Newsclipper services send me scurrying all over the Internetiverse, up shadowy staircases, into brightly lit rooms, through mirrored passages and sometimes into rancid larders. Thus it was that I stumbled upon this column spinning the latest complaint from the anti-gay marriage cabal that gay people who are upset about losing battles for their civil rights are sore losers.
That's right: if you can't deal with the fact that people want you to live like a second-class citizen in your own country and not be allowed the legal rights and social privileges of all other tax-paying Americans because you don't fuck the people they think you should be fucking (and let's be honest: this is the only reason people freak out about homosexuality), then something is wrong with you. So get over it.
It's a messed up world, isn't it? And by now, seeing as I'm a sadomasochistic/queer/female/dominatrix person, you'd think I'd have a nice tough hide when it comes to anti-sex rights rhetoric and sexual discrimination. And I do. For the most part. Still, the fundamental injustice of denying people their rights based on what kind of consensual sex they have burns like acid through that hide to the abidingly tender core of my humanism.
I saw this on the Boston Globe's site, regurgitating the same puke about how oppressed minorities should quit whining about getting the shitty end of the American political stick, and my back went up at this unforgivably ignorant ramble.
I think it would be reckless to jettison the understanding, as old as civilization itself, that society has a deep interest in promoting families anchored by a married man and woman. It seems to me nonsensical to claim that men and women are utterly interchangeable, or to deny that children are likeliest to thrive when they are raised by both a mother and a father. I believe that timeless moral standards must not be casually overturned and that doing so is apt to have unintended and unfortunate consequences. And I am sure that legalizing same-sex wedlock would fuel demands for further radical change - legalizing plural marriage, for example.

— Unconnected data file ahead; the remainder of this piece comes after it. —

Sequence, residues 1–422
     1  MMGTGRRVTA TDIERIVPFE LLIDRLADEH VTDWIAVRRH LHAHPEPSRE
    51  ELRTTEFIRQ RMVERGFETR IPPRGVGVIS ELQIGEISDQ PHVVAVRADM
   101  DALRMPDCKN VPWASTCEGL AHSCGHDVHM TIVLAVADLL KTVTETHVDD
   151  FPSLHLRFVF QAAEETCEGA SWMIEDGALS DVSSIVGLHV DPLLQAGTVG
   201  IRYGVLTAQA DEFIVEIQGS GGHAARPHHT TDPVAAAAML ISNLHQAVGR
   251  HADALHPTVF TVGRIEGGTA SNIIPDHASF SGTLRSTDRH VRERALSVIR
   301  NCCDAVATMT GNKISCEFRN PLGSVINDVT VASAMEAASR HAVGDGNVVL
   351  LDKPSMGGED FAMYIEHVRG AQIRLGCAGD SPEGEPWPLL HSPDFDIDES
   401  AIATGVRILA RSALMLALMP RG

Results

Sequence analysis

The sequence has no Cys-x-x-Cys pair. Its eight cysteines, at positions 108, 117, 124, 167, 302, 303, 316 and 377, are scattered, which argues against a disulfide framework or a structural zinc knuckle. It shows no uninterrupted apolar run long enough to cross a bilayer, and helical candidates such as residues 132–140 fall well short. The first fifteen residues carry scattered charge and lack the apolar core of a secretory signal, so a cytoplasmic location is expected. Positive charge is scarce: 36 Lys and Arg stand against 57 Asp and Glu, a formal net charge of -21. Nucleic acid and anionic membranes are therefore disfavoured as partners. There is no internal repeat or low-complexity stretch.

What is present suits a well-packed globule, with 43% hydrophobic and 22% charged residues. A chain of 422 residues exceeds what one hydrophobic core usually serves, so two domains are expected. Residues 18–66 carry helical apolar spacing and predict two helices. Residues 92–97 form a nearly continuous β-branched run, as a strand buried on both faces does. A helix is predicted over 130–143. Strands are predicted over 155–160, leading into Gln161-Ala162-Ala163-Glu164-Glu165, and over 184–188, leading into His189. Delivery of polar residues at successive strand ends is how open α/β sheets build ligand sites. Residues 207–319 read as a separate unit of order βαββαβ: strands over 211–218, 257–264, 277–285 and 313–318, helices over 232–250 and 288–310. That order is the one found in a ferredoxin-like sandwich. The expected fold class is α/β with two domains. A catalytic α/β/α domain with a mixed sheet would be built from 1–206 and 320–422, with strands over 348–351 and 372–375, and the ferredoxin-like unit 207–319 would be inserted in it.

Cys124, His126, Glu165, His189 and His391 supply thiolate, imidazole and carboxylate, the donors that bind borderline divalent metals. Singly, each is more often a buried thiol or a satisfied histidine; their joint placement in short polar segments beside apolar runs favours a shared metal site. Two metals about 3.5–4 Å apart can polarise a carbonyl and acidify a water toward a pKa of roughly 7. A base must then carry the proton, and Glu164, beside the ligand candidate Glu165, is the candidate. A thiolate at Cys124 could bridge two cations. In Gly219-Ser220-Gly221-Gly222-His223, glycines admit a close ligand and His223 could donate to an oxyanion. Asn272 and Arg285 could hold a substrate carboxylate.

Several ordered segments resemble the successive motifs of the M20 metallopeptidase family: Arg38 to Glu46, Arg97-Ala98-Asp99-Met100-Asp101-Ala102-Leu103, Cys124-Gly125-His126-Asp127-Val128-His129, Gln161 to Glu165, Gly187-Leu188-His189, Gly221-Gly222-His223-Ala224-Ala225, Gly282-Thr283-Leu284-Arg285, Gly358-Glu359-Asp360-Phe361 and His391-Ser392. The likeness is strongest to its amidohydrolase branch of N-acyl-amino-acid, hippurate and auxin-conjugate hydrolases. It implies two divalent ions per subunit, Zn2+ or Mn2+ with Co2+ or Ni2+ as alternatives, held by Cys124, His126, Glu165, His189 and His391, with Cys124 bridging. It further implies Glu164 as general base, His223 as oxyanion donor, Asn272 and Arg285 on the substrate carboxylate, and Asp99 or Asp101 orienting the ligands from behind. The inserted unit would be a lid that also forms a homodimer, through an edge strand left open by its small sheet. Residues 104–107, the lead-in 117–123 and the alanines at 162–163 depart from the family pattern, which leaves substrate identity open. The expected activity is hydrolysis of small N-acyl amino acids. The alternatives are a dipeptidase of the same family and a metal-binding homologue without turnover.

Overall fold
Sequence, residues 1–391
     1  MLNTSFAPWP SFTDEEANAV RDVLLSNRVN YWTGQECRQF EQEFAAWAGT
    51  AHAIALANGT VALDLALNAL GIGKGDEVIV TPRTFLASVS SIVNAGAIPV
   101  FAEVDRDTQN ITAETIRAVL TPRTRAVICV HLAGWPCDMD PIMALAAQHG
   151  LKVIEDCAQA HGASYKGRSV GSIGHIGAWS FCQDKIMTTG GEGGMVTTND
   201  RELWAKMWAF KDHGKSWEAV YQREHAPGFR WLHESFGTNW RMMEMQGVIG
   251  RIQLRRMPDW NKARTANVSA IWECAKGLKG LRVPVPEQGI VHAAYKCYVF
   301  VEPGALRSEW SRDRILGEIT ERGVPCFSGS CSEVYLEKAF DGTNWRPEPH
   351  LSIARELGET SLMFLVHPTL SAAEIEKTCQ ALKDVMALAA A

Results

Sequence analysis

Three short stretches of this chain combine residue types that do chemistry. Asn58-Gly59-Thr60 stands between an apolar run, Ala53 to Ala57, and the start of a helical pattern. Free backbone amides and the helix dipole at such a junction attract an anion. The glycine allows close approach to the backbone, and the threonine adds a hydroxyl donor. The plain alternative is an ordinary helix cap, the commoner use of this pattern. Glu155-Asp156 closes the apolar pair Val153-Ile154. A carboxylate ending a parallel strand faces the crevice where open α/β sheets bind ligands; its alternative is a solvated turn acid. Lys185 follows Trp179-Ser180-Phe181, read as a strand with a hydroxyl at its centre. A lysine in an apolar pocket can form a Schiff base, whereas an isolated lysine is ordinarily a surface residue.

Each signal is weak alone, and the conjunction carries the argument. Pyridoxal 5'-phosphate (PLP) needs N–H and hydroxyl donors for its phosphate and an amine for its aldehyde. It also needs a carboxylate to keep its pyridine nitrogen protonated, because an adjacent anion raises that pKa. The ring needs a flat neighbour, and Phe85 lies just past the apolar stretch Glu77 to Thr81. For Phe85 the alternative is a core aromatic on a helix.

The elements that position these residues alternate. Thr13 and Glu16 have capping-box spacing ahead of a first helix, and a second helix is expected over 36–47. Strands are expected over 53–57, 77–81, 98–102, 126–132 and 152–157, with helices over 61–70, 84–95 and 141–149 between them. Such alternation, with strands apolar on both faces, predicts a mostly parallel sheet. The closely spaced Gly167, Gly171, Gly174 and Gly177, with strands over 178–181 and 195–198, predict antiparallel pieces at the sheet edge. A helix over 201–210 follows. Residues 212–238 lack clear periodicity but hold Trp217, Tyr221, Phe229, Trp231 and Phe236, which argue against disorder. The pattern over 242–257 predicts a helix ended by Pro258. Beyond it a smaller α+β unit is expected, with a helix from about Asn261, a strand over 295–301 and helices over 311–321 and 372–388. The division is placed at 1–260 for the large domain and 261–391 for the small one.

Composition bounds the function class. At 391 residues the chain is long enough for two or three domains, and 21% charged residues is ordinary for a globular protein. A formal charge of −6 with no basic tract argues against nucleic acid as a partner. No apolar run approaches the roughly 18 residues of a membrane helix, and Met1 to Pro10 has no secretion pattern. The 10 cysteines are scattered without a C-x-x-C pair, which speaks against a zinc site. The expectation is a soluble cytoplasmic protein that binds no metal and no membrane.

Naturally, he is "sure" of a lot of things. Of course. They're always sure, aren't they? Unfortunately, in the real world -- that world where facts and evidence and reality aren't viewed as mere inconveniences to the point one is making but actually hold meaning-- he is wrong about all the things he's sure about.
So I indulged in a rare compulsion and wrote him a letter. I have waited about a week now in case he wished to reply and either defend his position or -- preferably -- kiss the ground I walk on for correcting his error and showing him the truth. He's done none of the above so I'm going to go ahead and post my letter below. If he ever gets back to me, I'll share his comments here.
Dear Mr. Jacoby,
I'm not a gay activist, although sympathetic to their cause. I'm a heterosexual, married woman.
I'd like to know if you can prove your assertion that there is an "understanding, as old as civilization itself, that society has a deep interest in promoting families anchored by a married man and woman."
Which civilization are you referring to? How do you date civilization?
Our understanding of marriage as it is today is largely a 19th century construct. For most of human history, families were "anchored" by property and inheritance issues. Marriage as you describe it did not exist when Christ was alive. Government participation in marriage was unknown. Government laws regulating marriage is a late development. A history of marriage is readily available on Wiki to all who care about the facts.
So back up your contention please or educate yourself before lazily spreading myths as basic truths. As an American, you are certainly entitled to your political opinions. As a writer, you owe a duty to readers to do your research.